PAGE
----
A new study suggests that sleepy teenagers who reported feeling tired in the middle of the day were at least four times more likely to become criminals as an adult.
It’s the first study of its kind, asking 15-year-old boys to rate how sleepy they feel on a daily basis. While measuring their brain wave activity, it was determined that antisocial behavior was more common in tired children.
Researchers looked into the archives of London’s Central Criminal Records Office for 29-year-olds with a criminal record. In turn, antisocial behavior in teenage years is linked to a higher probability of committing a crime in adulthood.
Criminal behavior may imply a sleepy teenagehood
The study was performed by researchers from the University of York and the University of Pennsylvania. They surveyed one hundred 15-year-old teens from three different schools in England and rated their degree of sleepiness in a seven-degree scale.
The participants’ physiological signs were also documented, such as sweat responses to stimuli, which is labeled by researchers as an indicator of brain-attention.
The team led by Adrian Raine, Richard Perry University Professor of Criminology, Psychiatry, and Psychology at the Univerity of Pennsylvania measured the teens’ predisposal to anti-social behavior by taking into account reports provided by the boys themselves and from teachers who had come in contact with the participants in the past few years.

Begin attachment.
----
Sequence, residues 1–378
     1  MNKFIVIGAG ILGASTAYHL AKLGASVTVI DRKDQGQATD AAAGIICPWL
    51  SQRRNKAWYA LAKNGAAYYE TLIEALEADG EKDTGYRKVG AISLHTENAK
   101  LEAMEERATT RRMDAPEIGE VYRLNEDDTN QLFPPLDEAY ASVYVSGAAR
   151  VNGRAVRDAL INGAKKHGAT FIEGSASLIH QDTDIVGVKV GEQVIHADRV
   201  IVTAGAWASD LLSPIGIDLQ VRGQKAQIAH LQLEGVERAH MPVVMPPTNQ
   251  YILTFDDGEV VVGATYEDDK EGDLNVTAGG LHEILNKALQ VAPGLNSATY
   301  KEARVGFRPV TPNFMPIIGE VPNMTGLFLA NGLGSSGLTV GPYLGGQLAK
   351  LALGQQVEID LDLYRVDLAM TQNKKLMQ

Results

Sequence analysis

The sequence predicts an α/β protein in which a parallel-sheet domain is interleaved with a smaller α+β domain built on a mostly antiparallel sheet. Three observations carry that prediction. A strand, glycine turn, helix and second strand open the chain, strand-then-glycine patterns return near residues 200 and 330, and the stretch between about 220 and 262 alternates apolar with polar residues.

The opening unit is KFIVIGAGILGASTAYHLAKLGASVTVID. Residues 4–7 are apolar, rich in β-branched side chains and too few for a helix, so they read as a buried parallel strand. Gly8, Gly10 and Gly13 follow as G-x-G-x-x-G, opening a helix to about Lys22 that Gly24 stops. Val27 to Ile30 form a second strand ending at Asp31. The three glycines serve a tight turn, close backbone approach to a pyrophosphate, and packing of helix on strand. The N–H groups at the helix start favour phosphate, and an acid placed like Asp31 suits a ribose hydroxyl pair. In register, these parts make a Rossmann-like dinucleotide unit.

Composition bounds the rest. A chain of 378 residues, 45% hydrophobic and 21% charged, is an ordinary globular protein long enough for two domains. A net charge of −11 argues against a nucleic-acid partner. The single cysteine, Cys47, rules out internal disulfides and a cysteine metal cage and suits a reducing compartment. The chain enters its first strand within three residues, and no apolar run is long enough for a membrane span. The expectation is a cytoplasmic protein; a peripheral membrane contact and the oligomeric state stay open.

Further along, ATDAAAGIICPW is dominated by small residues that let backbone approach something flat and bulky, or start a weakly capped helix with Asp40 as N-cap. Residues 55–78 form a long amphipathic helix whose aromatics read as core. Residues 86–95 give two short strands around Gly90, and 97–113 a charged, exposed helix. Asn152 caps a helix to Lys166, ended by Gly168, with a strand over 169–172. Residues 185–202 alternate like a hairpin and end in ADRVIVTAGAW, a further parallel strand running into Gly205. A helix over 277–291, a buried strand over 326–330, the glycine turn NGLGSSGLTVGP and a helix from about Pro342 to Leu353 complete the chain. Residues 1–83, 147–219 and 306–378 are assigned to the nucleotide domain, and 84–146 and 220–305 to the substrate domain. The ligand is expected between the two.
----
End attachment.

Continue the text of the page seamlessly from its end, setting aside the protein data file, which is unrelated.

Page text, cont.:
“Both are helpful. There are kids who don’t really want to talk about their anti-social behavior, and that’s where the teacher reports really come in handy. Actually, the teacher and child reports correlated quite well in this study, which is not usual. Often, what the teacher says, what the parent says, what the child says — it’s usually three different stories,” stated Raine, according to Psych Central.
Years later, researchers analyzed London’s Central Criminal Records Office database to determine whether the participants obtained a criminal record, disregarding minor violations and focusing on violent crimes and events ending with the person getting convicted.
Socioeconomic status leads to sleepy teens, tired teens to adult criminals
After analyzing the data, Raine examined the participant’s socioeconomic situation, and he assures having found a connection. He believes that there is a chain between all of these elements, proposing that small social class and early antisocial behavior cause daytime sleepiness, which in turn reduces brain-attention, and 14 years down the road it causes criminal behavior.
“Daytime drowsiness is associated with poor attention. Take poor attention as a proxy for poor brain function. If you’ve got poor brain functioning, you’re more likely to be criminal,” Raine stated.
Although the relationship appears to be straightforward, Raine says that sleepy teens are not inherently predisposed to become antisocial or criminals for that matter. When comparing rates of sleepiness and antisocial behavior during the study, he saw that 17 percent of the participants had committed a crime by the time they were 29.
He suggests that having children with behavioral issues sleep for longer hours could potentially reduce their brain disturbances and allow them to be more focused at school and in life, keeping them away from criminal behavior in the future.